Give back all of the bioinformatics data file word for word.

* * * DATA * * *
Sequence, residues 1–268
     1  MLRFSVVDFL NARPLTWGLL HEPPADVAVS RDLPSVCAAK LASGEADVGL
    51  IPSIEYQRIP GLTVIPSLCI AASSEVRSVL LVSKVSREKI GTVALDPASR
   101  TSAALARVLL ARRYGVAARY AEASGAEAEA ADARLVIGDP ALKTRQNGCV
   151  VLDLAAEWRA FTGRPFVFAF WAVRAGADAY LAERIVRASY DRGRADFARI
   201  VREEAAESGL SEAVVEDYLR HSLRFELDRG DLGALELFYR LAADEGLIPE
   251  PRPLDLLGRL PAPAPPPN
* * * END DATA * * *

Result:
Sequence, residues 1–268
     1  MLRFSVVDFL NARPLTWGLL HEPPADVAVS RDLPSVCAAK LASGEADVGL
    51  IPSIEYQRIP GLTVIPSLCI AASSEVRSVL LVSKVSREKI GTVALDPASR
   101  TSAALARVLL ARRYGVAARY AEASGAEAEA ADARLVIGDP ALKTRQNGCV
   151  VLDLAAEWRA FTGRPFVFAF WAVRAGADAY LAERIVRASY DRGRADFARI
   201  VREEAAESGL SEAVVEDYLR HSLRFELDRG DLGALELFYR LAADEGLIPE
   251  PRPLDLLGRL PAPAPPPN